BTR News spoke to Paul Sambrook, Partner and Head of Residential at consultancy, Rider Levett Bucknall about the firm’s work in Build To Rent and his views on where the market is going.
When did Rider Levett Bucknall first get involved in the BTR market?
I think because there has been so much growth in BTR we sometimes forget the concept was still very much in its infancy in the UK a decade ago. It was the development work around London 2012 that was the catalyst for it really gaining traction. At RLB we were fortunate to be involved in one of the very first purpose-built developments, delivering Linkcity and Grainger a BTR product in Barking East London, as part of their development platform. The market has grown exponentially since then.
How do you support clients?
We are in the privileged position of supporting clients in developing schemes from high rise luxury BTR apartments to affordable housing, student accommodation and later living. We are currently supporting a range of schemes nationally which will add 8,000 homes when built out. We work with local authorities, Homes England, housing associations, house builders, regeneration specialists, developers and funders to provide services from cost management and building surveying to master-planning and fund monitoring. One of our specialisms is tall towers. We have recently completed work on the tallest residential tower in Bristol and are currently on-site working on what will be Cardiff’s tallest apartment block as well as a 65 storey tower in London. These are great examples of urban regeneration and placemaking as well as providing much needed housing stock. I am personally really proud of the long-term relationships we have built with our clients which is a real credit to our team.
What are the main changes you have seen over the last 10 years?
Aside from the phenomenal growth we have seen in the last ten years and the spread out to the regions from London, we have seen some pretty fundamental changes in BTR which I hope will accelerate. First, a focus on quality. With the long-awaited Building Safety Act getting into gear, we are seeing continued progress in this area. As an industry, we have learned a lot and there’s still a lot more we can do to ensure we focus on quality and get it right as well as address legacy concerns.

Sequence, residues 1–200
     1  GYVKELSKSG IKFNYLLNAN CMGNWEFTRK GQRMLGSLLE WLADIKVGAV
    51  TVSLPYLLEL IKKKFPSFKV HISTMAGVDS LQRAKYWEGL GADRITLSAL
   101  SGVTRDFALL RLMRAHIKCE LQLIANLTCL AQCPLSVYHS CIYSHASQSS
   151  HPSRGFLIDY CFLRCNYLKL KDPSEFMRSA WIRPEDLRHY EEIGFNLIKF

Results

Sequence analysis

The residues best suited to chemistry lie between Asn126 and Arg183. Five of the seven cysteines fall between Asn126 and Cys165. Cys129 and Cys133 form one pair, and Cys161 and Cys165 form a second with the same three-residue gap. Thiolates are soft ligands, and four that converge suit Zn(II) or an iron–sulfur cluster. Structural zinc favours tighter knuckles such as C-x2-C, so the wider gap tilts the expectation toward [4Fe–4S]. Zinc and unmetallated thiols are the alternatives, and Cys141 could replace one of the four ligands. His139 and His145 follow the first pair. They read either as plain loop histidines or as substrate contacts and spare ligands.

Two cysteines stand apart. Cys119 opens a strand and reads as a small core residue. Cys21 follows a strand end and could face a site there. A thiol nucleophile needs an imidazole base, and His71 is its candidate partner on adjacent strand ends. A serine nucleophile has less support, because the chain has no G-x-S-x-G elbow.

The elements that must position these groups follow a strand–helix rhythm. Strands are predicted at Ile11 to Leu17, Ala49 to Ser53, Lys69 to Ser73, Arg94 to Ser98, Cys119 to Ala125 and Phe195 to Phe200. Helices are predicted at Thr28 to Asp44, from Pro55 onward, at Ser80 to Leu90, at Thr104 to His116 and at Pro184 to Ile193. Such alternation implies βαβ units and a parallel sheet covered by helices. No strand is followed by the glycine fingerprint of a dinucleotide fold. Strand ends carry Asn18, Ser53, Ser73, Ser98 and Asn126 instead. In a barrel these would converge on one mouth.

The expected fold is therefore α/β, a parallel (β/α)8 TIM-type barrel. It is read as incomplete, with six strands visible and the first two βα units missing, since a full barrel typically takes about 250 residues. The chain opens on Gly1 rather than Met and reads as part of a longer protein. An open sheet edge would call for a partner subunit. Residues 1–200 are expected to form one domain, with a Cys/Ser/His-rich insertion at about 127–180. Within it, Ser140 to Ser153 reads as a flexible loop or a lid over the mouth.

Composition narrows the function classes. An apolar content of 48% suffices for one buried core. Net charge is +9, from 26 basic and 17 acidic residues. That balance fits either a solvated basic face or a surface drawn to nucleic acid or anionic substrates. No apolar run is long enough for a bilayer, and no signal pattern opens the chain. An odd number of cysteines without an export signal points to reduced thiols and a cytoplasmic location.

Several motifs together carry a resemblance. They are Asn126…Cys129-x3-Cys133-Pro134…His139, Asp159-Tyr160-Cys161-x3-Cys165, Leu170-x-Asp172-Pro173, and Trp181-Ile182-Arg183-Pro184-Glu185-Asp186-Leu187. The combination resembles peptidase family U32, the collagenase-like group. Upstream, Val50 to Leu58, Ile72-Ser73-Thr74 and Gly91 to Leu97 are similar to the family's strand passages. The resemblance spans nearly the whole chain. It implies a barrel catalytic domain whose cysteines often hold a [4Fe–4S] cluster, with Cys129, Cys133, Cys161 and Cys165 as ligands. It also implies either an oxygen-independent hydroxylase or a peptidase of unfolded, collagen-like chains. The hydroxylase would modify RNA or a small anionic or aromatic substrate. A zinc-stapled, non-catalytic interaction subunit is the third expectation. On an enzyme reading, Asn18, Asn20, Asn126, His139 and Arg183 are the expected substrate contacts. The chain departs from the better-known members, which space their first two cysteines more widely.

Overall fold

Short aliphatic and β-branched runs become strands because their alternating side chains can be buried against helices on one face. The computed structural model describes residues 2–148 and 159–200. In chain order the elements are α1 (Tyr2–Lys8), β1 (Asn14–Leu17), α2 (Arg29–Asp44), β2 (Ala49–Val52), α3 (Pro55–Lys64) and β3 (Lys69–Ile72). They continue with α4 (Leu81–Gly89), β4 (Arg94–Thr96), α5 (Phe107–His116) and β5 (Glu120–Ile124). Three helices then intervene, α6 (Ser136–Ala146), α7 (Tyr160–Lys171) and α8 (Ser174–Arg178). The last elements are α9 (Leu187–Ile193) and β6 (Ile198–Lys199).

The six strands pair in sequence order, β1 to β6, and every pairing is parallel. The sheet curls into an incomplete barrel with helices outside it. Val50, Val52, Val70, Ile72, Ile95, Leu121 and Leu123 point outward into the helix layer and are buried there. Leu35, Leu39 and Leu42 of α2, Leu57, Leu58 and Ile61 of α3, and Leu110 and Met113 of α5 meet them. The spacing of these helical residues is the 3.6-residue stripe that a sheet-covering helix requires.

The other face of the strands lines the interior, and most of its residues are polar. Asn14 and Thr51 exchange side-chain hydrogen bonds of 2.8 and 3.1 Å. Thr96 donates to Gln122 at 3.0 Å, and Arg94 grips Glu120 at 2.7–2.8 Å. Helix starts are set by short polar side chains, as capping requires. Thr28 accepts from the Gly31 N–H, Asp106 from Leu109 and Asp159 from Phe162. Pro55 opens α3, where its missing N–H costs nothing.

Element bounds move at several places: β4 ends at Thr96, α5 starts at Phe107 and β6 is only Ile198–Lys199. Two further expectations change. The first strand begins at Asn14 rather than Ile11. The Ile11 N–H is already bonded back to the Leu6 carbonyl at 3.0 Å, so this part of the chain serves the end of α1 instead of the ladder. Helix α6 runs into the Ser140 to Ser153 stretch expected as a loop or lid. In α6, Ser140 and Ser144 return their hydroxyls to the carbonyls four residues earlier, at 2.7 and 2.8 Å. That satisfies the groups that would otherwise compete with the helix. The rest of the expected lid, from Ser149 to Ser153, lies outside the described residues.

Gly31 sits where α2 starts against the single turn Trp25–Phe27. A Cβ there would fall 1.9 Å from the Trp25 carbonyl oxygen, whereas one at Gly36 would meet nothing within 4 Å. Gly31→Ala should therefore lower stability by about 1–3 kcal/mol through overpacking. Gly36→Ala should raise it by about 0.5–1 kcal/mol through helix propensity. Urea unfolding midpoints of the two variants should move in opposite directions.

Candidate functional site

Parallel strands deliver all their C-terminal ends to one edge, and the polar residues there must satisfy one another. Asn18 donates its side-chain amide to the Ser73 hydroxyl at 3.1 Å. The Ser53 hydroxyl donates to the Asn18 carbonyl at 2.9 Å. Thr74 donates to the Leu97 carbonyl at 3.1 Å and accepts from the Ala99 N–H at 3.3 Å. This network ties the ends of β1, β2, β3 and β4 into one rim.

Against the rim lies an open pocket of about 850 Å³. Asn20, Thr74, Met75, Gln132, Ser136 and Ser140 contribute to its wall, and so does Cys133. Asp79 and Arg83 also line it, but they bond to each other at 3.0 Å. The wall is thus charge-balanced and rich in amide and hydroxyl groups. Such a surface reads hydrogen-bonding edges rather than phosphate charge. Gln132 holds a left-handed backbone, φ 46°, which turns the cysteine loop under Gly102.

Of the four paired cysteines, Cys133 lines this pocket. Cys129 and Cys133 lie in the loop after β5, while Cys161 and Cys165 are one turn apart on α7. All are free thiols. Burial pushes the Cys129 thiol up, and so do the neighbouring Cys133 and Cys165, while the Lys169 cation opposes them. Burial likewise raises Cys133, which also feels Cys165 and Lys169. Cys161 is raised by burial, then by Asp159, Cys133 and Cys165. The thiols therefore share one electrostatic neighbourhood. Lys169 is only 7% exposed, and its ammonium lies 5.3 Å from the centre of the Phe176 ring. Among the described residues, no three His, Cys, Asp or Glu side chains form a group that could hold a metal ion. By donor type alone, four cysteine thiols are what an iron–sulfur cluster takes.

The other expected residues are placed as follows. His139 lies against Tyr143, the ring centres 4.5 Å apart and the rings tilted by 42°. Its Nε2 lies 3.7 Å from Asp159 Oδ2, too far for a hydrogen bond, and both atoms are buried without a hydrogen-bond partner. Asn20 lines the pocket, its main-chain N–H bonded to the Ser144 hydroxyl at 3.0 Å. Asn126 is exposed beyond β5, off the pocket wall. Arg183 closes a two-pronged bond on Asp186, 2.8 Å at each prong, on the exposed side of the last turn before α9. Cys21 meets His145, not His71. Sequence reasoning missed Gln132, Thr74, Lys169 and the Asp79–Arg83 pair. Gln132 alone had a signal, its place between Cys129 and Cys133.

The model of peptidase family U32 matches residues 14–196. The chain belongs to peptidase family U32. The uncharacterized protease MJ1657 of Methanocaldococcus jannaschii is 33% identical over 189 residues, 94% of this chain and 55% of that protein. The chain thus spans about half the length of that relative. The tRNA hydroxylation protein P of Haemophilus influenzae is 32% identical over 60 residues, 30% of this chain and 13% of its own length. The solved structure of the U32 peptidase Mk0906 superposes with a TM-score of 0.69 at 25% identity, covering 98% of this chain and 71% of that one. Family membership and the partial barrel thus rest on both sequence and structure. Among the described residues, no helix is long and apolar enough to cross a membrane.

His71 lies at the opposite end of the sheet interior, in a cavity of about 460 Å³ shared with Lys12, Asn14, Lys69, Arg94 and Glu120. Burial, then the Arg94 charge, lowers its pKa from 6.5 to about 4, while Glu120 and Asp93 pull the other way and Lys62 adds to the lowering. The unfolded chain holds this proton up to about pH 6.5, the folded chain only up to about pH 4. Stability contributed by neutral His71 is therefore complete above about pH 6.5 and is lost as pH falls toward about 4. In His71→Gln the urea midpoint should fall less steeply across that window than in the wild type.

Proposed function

Secondly, it is good to see that sustainability is integral to a build rather than being seen as a bolt on. The urgency to ensure we are producing net carbon zero homes has ramped up over the last few years and it is encouraging that as an industry we are now focused on some of the critical issues that we need to tackle, such as decarbonising our existing housing stock.
The third change we have seen, particularly in recent years, is the rise of digital and the continuing adoption of MMC – though some may say we could be moving faster. Through increased offsite manufacturing and working smarter we can drive efficiencies, cut programme time and reduce cost and risk. We all know that investors are increasingly considering Environmental, Social and Governance metrics in their decision making so hopefully this will stimulate further adoption of digitalisation and the drive for more sustainable practices
Working across the UK, where do you see the hotspots for BTR emerging?
The once predominantly London centric market continues to shift its focus to cities such as Leeds, Manchester, Birmingham, Sheffield, Bristol and Cardiff with developers and funders looking for more reasonable land opportunities with scale. We are also seeing a strong ripple effect out from these city locations with other areas becoming of interest. For example, in the South-West we are seeing more activity in Exeter and in Yorkshire, Bradford and Wakefield – both within easy commuter distance of Leeds and with significant populations – are also now firmly on the radar. Clearly, the anticipation of HS2 continues to drive activity. There are huge swathes of old industrial brown field locations in the Midlands around city centre locations such as Digbeth and Warwick Bar where we are seeing enabling works underway, with the expectation that large scale developments will begin to appear around the new HS2 Curzon Street Station.
What do you see as the key issues over the next six months?
There is no doubt that this is a really interesting time for BTR and the residential sector as a whole. We have continuing huge demand for growth and new housing stock whilst we are grappling with fluctuating build costs, shortages of labour and very competitive land costs. In addition, the ‘cost of living’ crisis impacting on affordability of rents and the knock-on effect on investment values is going to be a key challenge. The next six months will be all about navigating this uncertainty and we are working with clients by advising them to be open to different solutions to help meet design, procurement and build requirements.